World War II was mainly caused by certain ideologies that made countries and dictators act violently to get what they want. Some of the main-long term causes include the rise of facism in Italy, the militarism of Japan, which invaded China in the 1930s and the Nazi takeover of Germany. Hitler's actions led other countries to realize he had to be stopped, while others were simply defending their territories against invasion. Hitler's Invasion of Poland was the trigger that caused Britain and France to get involved in the war and is seen by historians as the start of WWII
Some Main Long-Term Causes of World War II
Treaty of Versailles - the harsh stipulations of the Treaty of Versailles in an economically difficult time, left many Germans bitter and caused them to vote for the Nazi party.
Anti-Communism - When the communist Bolsheviks came to power in Russia with the aim to overthrow capitalism world-wide, supporting the setup of communist regimes in other countries, many Europeans were starting to fear a violent Communist revolution.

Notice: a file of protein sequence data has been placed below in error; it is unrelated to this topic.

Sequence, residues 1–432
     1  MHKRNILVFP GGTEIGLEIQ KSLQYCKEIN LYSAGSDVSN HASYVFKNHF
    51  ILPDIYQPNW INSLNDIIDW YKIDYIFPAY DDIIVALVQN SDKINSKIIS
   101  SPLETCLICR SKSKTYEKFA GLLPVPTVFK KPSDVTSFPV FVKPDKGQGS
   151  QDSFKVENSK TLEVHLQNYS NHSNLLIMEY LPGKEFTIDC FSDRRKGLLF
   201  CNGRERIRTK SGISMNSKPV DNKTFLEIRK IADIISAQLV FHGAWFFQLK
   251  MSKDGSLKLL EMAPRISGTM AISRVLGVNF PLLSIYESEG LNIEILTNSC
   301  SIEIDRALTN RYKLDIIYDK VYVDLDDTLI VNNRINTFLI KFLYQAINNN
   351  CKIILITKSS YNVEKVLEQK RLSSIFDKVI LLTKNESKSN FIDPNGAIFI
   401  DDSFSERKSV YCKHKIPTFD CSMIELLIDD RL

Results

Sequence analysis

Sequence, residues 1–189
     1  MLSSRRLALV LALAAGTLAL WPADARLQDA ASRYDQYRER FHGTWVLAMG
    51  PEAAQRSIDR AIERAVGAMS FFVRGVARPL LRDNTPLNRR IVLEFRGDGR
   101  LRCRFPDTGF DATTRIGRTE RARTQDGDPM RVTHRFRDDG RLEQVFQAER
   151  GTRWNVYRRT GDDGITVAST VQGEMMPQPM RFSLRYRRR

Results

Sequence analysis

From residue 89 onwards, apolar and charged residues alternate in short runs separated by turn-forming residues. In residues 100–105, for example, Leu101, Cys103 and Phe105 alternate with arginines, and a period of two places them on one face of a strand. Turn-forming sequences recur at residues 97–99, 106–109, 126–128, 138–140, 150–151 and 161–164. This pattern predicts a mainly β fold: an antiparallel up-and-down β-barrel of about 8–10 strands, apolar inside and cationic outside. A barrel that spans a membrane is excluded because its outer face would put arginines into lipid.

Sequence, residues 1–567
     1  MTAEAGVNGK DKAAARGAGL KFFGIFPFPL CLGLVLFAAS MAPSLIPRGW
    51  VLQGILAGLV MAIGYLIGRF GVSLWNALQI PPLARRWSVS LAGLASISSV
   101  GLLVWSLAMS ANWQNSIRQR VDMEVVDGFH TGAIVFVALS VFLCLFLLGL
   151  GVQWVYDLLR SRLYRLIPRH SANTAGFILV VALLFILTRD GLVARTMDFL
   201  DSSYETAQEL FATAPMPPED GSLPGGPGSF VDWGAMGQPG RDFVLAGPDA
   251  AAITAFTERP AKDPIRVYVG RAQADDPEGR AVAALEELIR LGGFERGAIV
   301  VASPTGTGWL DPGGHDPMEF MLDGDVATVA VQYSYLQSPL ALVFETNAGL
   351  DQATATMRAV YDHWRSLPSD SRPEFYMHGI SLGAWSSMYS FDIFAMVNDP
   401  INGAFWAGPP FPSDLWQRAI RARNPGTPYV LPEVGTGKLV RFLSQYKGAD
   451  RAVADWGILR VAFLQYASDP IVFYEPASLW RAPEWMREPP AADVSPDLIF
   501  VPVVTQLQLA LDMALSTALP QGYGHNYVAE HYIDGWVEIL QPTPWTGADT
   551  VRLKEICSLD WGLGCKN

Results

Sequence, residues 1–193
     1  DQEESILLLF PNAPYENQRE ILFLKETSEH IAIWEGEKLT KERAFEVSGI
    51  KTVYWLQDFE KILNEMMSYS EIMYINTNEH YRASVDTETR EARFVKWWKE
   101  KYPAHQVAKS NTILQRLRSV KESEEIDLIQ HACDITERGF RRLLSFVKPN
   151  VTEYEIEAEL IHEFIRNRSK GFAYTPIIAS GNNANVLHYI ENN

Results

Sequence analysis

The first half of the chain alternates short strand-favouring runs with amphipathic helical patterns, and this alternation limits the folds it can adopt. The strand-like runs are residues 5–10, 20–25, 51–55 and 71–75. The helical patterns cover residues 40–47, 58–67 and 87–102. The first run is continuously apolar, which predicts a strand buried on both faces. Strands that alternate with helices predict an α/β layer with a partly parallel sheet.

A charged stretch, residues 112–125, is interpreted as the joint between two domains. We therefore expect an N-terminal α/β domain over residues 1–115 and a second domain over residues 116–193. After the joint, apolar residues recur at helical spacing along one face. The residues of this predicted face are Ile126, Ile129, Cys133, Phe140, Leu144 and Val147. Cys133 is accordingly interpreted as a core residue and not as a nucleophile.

Expansionism - A couple of countries sought to expand their territories and benefit from that economically. Benito Mussolini wanted to establish a “New Roman Empire,” Hitler also wanted to claim back the “rightful” territories of Germany and expand further into Europe to create a Greater Germany and Japan wanted to conquer China to benefit from its economy and resources.
Failure of the League of Nations - The League of Nations was established after World War I with the aim to prevent a repeat war. Its policies however had no effect on the countries that were trying to expand, forcing the Allies to use violent means to stop them.
This article is part of our larger educational resource on World War Two. For a comprehensive list of World War 2 facts, including the primary actors in the war, causes, a comprehensive timeline, and bibliography, click here.